Of those reporting a “bad experience,” 37% defined the experience as a major swindle or fraud.

  • Approximately 3.75% of the 45+ sample surveyed reported having been the victim of a fraud.
  • Approximately 2% of respondents reported that a given fraud cost them more than $1000.
  • The most frequent types of fraud reported by victims were: faulty car sale, false advertisement, company of purchase went out of business, and house contractor fraud.
  • African-Americans and 30% more likely than the general population and 45% more likely than Hispanics to indicate that a swindle or fraud cost them more than $1000.

Author Abstract: The 2003 Consumer Experiences Survey is the fourth survey in a series of periodic studies conducted in the past 10 years. The three previous surveys of consumer behavior were conducted in 1993, 1999, and 2000. 1 The current study examined many of the same topics from the past three studies including buying experiences with products and services, knowledge about investment terms, and experience with major fraud or swindles. However, other pertinent issues have been added to the current study including privacy and identity theft, and predatory mortgage lending.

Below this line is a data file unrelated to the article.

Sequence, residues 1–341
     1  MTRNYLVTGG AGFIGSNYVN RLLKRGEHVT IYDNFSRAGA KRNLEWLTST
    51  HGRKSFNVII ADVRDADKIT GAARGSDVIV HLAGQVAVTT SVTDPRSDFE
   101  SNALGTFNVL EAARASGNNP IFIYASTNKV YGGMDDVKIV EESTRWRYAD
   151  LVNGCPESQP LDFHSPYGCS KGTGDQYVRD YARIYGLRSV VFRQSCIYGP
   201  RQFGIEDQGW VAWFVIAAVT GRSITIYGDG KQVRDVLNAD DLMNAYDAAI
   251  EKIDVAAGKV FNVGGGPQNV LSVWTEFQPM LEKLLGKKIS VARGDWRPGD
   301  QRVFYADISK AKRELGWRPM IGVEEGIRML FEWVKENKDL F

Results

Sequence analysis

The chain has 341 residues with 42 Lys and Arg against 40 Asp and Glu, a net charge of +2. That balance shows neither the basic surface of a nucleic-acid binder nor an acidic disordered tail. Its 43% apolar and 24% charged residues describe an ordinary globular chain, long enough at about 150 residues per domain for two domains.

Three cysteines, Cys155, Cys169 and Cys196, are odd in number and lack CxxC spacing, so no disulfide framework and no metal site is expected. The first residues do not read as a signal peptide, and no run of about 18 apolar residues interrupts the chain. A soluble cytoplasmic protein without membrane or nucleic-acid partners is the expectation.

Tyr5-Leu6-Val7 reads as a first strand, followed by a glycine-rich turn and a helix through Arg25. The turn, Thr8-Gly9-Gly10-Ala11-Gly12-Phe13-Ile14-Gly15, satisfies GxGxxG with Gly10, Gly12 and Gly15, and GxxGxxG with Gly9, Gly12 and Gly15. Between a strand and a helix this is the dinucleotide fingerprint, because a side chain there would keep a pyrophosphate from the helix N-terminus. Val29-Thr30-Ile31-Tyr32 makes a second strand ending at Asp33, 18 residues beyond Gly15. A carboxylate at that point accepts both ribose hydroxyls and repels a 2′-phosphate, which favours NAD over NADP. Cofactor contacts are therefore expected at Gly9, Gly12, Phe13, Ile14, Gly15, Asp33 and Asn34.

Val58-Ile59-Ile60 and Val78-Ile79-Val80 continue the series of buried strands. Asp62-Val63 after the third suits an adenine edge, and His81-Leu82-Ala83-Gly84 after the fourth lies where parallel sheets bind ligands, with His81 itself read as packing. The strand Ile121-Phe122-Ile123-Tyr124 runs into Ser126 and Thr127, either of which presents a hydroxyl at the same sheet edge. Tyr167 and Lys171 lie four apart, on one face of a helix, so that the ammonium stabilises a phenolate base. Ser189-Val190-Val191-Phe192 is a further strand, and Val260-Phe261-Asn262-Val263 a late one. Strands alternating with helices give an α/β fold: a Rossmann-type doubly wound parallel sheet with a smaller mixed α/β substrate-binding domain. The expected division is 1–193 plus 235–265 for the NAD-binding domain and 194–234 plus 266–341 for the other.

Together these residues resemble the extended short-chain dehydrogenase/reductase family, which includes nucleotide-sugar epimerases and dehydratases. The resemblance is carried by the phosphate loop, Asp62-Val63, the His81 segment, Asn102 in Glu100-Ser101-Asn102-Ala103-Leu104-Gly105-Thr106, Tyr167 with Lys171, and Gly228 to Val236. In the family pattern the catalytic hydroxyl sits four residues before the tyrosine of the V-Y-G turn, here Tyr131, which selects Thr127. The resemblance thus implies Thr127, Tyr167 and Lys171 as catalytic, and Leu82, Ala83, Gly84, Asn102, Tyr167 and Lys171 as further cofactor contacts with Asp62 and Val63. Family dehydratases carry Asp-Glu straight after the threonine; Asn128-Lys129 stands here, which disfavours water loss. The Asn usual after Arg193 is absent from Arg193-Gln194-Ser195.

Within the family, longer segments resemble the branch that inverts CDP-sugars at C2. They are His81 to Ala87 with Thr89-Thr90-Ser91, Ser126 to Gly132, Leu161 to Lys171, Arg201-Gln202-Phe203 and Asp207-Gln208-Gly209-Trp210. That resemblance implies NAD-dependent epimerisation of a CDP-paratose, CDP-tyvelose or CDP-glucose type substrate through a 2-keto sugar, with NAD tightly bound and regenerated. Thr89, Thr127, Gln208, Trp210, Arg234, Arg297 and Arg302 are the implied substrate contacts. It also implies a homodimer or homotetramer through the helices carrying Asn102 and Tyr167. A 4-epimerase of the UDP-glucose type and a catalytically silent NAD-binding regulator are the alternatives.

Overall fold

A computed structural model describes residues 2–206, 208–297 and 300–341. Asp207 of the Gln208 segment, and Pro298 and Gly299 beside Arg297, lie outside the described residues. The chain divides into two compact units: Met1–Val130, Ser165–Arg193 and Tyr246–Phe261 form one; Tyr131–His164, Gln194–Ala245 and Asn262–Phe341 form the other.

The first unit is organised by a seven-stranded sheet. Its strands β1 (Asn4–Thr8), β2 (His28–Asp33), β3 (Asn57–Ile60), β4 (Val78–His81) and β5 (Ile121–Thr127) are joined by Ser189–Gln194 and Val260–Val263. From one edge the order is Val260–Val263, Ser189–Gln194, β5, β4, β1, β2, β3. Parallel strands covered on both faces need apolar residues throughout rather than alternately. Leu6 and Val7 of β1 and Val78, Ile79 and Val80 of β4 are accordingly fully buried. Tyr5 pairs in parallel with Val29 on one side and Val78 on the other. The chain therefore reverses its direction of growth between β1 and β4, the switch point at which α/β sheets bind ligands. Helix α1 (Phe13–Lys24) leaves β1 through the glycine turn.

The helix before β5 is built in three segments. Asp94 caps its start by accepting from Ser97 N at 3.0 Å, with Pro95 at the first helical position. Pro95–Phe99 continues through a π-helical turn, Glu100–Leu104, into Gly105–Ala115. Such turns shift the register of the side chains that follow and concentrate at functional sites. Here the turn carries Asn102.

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Investor Fraud Study: Final Report

Authors: The Consumer Fraud Research Group, for NASD Investor Education Foundation

Year: 2006

Focus Area: Persuasion, Profile

Relevance: Successfully preventing fraud depends on both understanding the techniques of fraudsters and identifying who is vulnerable to which types of fraud.

Summary: This study examines the characteristics of different types of victims and fraudsters’ tactics by  reviewing transcripts of fraud pitches and conducting interviews and phone surveys of lottery and investment fraud victims (165) and non-victims (150).

Fraud tactics:

  • source credibility (claiming to be from a legitimate business),